This ensures every week I am making steps towards completing projects that will have the most impact on my business. Plus the benefit in this method is it cuts the overwhelm by breaking down big projects into smaller attainable tasks that will lead you to bigger goals.
Has there been a particular moment in your blogging career that made you pinch yourself and feel proud of what you’ve achieved?
Hosting my first ever blogging retreats in Bali in 2017! After several months of planning and preparation and creating a course curriculum unique for the retreats I was so excited to welcome two groups of amazing women to two sold out retreats!
I was so proud that I had taken an idea and turned into something truly special that connected women from all over the world.
Hosting retreats is my number one favourite thing to do, it can be stressful and tiring with months of preparation to make sure everything is absolutely perfect but it is so rewarding! I am looking forward to being able to host more in the future.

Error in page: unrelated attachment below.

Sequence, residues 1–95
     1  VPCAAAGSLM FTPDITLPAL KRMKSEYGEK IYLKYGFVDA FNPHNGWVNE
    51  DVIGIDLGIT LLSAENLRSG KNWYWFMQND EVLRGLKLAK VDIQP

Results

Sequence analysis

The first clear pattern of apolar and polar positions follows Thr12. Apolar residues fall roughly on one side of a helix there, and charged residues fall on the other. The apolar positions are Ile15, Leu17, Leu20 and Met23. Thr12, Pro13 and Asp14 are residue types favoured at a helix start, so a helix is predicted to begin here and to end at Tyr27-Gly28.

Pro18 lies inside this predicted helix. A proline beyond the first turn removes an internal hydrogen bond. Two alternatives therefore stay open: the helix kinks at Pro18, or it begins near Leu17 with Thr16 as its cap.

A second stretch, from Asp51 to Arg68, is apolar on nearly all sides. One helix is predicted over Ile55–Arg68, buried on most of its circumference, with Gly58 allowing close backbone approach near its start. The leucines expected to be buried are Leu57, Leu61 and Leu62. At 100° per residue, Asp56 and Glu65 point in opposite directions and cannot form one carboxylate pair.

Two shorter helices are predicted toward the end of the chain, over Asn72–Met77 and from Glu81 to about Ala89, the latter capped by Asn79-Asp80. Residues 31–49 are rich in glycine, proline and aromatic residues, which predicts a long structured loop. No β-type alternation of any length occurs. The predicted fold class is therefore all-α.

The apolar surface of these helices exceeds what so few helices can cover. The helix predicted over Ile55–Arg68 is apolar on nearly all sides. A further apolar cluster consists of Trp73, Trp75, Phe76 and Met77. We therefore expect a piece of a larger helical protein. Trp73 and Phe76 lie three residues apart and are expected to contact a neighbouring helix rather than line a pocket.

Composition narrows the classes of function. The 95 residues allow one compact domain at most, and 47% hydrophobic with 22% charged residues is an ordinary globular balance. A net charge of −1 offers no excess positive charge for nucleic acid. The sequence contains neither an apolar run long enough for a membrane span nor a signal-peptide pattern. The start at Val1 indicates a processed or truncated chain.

Lastly, if you could go back to blogger Becky in 2017 what would you tell her?
Create a more intentional content strategy and niche down! I didn’t really think strategically when I was starting out, partly because it was a hobby and secondly because I was new to blogging.
But now I recognise the importance of thinking intentionally about every blog post that you write, what is the purpose of this article? how can it be monetised? what product does it support? how will it attract and serve my ideal reader and customer?